Virtual Hard Disks (VHDs) in Windows Virtual PC

What are VHDs?

Virtual Hard Disks (abbreviated to VHDs) are files on the physical machine that store the hard disk contents of a Virtual Machine (VM). Each VHD file is treated as a separate hard disk by Windows® Virtual PC (WVPC).

The Virtual Hard Disk file format is an open standard. For the curious, the specifications of VHD file format can be found here: http://technet.microsoft.com/en-us/virtualserver/bb676673.aspx. As can be seen, the format is quite straightforward and is completely agnostic to the virtualization technology in use and to the host and guest operating systems.

WVPC, Windows® XP Mode, Microsoft Hyper-V®, Virtual PC 2007® and other Microsoft’s virtualization solutions use the VHD format.

Types of VHDs

There are three types of Virtual Hard Disks: fixed disks, dynamically expanding disks and differencing disks.

Fixed disks take up all the space that the VHD is allowed to have up front. For instance, if you create a fixed disk of size 64GB, the VHD file will occupy 64GB of hard disk space right from the time of creation, and its size will never vary.

Dynamically expanding disks (also called sparse disks) increase in size to take up space as required. The size specified when creating a dynamically expanding disk indicates the maximum size that the disk is allowed to grow to. For instance, if you create a dynamically expanding disk of size 64GB, the VHD file might initially occupy only a few KB. It will slowly grow upon usage to occupy up to the maximum size specified (64GB). Note however, that the guest operating system will be made to believe it has the full 64GB right from the start.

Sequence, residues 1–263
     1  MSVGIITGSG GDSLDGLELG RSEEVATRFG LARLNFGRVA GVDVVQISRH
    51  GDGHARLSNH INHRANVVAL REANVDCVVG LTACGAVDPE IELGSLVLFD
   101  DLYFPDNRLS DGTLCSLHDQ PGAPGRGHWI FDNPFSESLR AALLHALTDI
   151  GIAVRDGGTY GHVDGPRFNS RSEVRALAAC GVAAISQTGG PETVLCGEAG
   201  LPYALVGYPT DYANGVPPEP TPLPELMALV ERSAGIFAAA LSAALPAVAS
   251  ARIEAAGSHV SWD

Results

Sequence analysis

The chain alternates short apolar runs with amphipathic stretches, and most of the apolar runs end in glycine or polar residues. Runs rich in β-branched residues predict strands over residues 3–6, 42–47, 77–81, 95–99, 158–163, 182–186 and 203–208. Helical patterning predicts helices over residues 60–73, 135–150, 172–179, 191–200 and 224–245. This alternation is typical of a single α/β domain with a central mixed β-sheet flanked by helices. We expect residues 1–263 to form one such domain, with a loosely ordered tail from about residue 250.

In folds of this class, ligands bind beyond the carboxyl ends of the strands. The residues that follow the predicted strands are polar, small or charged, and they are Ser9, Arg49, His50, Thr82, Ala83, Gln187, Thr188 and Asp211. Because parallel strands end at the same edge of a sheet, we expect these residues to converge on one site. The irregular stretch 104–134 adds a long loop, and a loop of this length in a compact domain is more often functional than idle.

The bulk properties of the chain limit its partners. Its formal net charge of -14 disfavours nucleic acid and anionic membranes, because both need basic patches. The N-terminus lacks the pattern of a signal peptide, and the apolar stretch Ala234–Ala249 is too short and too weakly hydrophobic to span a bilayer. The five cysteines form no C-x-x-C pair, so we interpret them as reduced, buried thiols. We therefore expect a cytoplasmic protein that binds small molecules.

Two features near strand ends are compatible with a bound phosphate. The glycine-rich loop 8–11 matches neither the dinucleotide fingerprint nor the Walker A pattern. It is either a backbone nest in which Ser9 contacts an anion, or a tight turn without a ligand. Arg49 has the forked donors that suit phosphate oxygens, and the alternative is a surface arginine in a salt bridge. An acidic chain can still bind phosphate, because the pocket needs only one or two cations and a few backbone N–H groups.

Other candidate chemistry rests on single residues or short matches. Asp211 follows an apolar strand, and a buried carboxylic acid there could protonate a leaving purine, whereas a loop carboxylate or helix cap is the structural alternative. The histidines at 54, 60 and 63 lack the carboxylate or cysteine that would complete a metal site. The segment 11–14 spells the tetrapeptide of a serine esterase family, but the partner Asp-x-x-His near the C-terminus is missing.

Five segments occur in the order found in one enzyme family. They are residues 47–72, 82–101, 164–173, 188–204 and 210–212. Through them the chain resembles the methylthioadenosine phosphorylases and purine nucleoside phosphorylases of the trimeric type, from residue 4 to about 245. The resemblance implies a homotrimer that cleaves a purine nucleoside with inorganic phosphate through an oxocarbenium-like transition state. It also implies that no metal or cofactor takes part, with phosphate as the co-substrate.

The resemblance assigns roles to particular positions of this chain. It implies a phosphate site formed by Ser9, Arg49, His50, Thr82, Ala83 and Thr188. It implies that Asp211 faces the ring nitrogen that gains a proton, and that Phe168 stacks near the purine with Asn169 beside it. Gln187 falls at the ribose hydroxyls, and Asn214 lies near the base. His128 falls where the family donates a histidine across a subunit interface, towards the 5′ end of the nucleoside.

Differencing disks are a little different. They merely save the changes to the VHD relative to a base disk. Differencing disks are always linked to a dynamically expanding disk or a fixed disk, either directly or through one or more other differencing disks. To understand differencing disks, let us say you create a fixed disk with Windows® XP installed on it. Now if you create a differencing disk and install Microsoft Office® on this, the differencing disk will contain mainly* the content of the hard disk locations changed by the installation of Microsoft Office®, which will be the locations containing the new files and any modifications to existing files.

* I say “mainly” since the operating system will make changes to the hard disk too, as part of its regular operation (writing to the page file, for instance).

To illustrate this point, take a look at the figure below. There are two VMs using two differencing disks that branch from the same base disk.

Fig. 1

Figure 1. Two VMs on a single host with their Differencing disks sharing the same Base disk

The changes made by VM#1 are saved in its differencing disk (depicted as orange blocks) and the changes made by VM#2 are saved in VM#2’s differencing disk (depicted as green blocks). Wherever there is no data in the differencing disk (i.e., a blank space between the orange blocks), the data will be automatically fetched from the base disk. Thus, VM#1 will see the resultant hard disk as a mix of orange and blue blocks. Neither VM#1 nor VM#2 will be able to see the changes made by the other since these changes are on different differencing disks, and both think they have their own copy of the base disk.